For most of his career, Bertolt Brecht was an angry man: angry at politics, angry at the ocean of squalor, inhumanity and hypocrisy that seemed to surround him. In Kurt Weill, he found a composer able to concentrate that anger with music, no more so than in The Seven Deadly Sins, the last stage work that the pair wrote together. In Weill’s wife Lotte Lenya, Brecht found a singing actor who could channel the heights of their sardonic expression. In last night’s performance at La Scala, Lenya’s mantle was taken on by Kate Lindsey, to devastating effect.

Kate Lindsey (Anna I)
© Brescia e Amisano | Teatro alla Scala

Brecht’s chosen weapon is irony. Our heroine, Anna, travels to a series of American cities from which she is expected to send money home to her family (a Greek chorus-like quartet of male singers) for them to build a home in Louisiana. In each city, the family decries the dreadfulness of a sin – because it is inhibiting Anna from prostituting herself to earn more money for the building fund. The resonance to present times – with inequality and sexual violence in public consciousness – could hardly be stronger.

Brecht and Weill turned a financial constraint (the work’s commission came from the husband of a ballerina) into a felicitous outcome. Anna’s personality is split into two: a singer (Anna I, sung by Lindsey) and a dancer (Anna II, acted but not danced in this production by Lauren Michelle). Anna II is the pretty one who earns the money; Anna I is the conduit for the family’s faux moralising.

Seven Deadly Sins
© Brescia e Amisano | Teatro alla Scala

Lindsey’s performance is extraordinary on every level. Her timbre is beautifully rich and smooth, with plenty of power in reserve. Her German diction is clearer than any opera performance I can remember. And she calibrates the intensity required perfectly to the progress of the drama. This form of satire works only if the protagonist displays no hint of self-awareness, that their own words are painting them as a hypocrite in brash, vivid colours. Lindsey’s words drip with irony (“Pride is for rich people, do what they want you to do, not what you wished they wanted”) and she is hideously watchable as she drives her alter ego Anna II into untold depths of degradation. As Anna II, Lauren Michelle doesn't have much to say other than to acquiesce meekly, but her control of body language plays a full part in the horror we’re watching.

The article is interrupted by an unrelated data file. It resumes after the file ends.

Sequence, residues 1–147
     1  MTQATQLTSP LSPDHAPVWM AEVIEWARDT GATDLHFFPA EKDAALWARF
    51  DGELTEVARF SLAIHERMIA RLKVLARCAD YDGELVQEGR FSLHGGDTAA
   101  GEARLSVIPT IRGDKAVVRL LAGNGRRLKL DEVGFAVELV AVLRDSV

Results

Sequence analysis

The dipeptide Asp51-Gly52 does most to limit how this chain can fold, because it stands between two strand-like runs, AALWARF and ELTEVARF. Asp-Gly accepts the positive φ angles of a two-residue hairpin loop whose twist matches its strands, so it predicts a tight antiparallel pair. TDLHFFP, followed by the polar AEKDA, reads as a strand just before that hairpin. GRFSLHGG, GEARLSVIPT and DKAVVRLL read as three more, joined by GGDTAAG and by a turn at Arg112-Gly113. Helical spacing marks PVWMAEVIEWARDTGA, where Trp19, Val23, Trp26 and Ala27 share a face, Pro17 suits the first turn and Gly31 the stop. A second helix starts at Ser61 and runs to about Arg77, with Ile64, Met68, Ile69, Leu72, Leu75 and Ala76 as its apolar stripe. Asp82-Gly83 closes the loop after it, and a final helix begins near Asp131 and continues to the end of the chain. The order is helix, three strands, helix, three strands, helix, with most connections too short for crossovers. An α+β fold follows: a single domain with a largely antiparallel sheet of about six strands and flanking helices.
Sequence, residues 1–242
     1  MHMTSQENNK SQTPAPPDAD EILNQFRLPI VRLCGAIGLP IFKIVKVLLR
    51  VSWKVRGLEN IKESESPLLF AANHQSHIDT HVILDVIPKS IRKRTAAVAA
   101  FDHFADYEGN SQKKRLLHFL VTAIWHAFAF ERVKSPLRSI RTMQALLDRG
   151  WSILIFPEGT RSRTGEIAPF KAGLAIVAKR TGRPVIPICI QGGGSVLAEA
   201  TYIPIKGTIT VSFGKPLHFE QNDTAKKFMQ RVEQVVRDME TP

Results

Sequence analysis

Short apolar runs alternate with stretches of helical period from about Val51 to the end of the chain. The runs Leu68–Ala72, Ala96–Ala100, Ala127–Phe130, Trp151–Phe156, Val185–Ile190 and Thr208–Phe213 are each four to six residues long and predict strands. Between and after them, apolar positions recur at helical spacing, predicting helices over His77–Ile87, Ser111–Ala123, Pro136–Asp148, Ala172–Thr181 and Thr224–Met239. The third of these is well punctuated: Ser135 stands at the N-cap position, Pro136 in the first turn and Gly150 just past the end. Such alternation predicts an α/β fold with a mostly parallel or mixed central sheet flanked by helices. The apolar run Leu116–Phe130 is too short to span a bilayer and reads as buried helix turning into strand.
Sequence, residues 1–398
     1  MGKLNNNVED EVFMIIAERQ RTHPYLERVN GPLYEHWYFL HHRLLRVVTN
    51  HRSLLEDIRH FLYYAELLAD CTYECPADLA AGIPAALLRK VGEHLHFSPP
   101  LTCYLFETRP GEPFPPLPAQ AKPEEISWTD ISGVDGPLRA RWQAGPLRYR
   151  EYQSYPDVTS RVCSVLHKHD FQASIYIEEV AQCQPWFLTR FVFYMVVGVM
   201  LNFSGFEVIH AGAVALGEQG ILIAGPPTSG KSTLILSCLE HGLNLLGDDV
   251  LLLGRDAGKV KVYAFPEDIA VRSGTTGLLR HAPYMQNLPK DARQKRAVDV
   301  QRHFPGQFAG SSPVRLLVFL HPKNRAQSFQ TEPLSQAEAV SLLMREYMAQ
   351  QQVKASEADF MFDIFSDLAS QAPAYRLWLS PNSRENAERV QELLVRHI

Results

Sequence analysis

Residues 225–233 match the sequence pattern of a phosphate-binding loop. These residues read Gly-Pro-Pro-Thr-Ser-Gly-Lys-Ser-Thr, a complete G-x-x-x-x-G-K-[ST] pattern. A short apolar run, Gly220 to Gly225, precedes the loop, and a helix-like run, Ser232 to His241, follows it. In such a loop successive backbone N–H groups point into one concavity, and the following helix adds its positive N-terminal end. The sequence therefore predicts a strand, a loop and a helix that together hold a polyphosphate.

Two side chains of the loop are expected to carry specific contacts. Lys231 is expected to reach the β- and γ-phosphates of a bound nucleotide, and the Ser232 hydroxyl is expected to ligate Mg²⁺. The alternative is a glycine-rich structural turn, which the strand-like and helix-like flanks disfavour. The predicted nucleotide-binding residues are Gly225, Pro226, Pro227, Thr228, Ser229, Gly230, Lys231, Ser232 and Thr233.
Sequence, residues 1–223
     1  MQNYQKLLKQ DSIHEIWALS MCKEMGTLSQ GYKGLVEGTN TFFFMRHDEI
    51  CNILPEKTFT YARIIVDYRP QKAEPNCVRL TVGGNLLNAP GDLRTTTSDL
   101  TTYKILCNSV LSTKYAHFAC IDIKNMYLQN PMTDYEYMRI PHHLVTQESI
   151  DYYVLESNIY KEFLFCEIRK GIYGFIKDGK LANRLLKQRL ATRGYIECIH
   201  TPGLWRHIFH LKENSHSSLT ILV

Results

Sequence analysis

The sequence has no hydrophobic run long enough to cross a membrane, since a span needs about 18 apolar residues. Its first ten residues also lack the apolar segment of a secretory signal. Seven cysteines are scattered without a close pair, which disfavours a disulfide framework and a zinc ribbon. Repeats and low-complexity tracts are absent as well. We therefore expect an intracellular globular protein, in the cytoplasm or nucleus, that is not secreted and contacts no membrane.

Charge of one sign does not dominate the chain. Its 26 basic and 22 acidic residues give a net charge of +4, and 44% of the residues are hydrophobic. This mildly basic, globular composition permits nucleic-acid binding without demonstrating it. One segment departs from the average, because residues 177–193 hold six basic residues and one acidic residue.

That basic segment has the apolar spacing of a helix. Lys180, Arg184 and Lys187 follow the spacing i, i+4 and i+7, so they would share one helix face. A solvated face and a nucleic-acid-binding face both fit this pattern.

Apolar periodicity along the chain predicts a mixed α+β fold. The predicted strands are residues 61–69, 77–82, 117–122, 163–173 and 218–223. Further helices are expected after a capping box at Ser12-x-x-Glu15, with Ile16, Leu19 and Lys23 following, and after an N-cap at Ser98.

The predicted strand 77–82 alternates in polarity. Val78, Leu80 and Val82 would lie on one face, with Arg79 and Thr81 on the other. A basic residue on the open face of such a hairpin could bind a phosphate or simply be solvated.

Weill’s music has its own multiple dimensions of irony, blending beautiful melody with discordant undertones, throwing in pastiches of religious chorales, constantly seeking to seduce the listener while also disturbing them, playing tricks like accompanying the sin of sloth with frenetic music that might have come out of the Keystone Cops. Riccardo Chailly and the La Scala orchestra play it energetically while revealing the harmonies and rhythms in the score in great detail.

Lauren Michelle (Anna II) and Kate Lindsey (Anna I)
© Brescia e Amisano | Teatro alla Scala

Irina Brook’s production condenses the stage into a small living area with sparse, cheap-looking furniture and a lot of hard liquor. It places the family firmly as trailer trash, aided by projected black-and-white video of an actual trailer which evokes 1930s silent cinema. It’s simple enough, but there are plenty of effective devices, like the change in Anna II’s costume from tutu (as she hopes to become a ballerina) to feather boa (as she becomes a dancer of quite a different sort). All this – plus some great singing from the family quartet – made this performance into a visceral experience, a real triumph.

But there’s a problem: at 40 minutes, The Seven Deadly Sins is generally considered too short for a whole concert, so promoters feel the need to add something else to fill out the programme, which is a thankless task. In this La Scala broadcast, as it often is, that place was taken by the 1927 Mahagonny-Songspiel, a set of six numbers which form a sort of artist’s cartoon for the later “epic opera” The Rise and Fall of the City of Mahagonny.

Kate Lindsey (Anna I) and Lauren Michelle (Anna II)
© Brescia e Amisano | Teatro alla Scala

It’s not that anyone’s performance qualities were diminished in this second item of the diptych, it’s just that the work doesn’t hang together or display the same artistic coherence of either the Deadly Sins or, indeed, the full Mahagonny opera. Much of the music over-eggs the pudding: much is frantic and doesn’t really put across a sense of progression. Still, there’s one of Weill’s greatest hits, the Alabama Song, which was dispatched with panache by Lindsey and Michelle, and later relayed in modern dance-floor format (complete with breakdance moves) to give us something to cheer us up at the end of the evening. It’s going to take a lot to get me used to the sight of a masked conductor walking slowly away from orchestra at the end of the show in near-darkness and perfect silence, and the upbeat music and video out-takes provided much-needed lightening up.

This performance was reviewed from the Teatro alla Scala video stream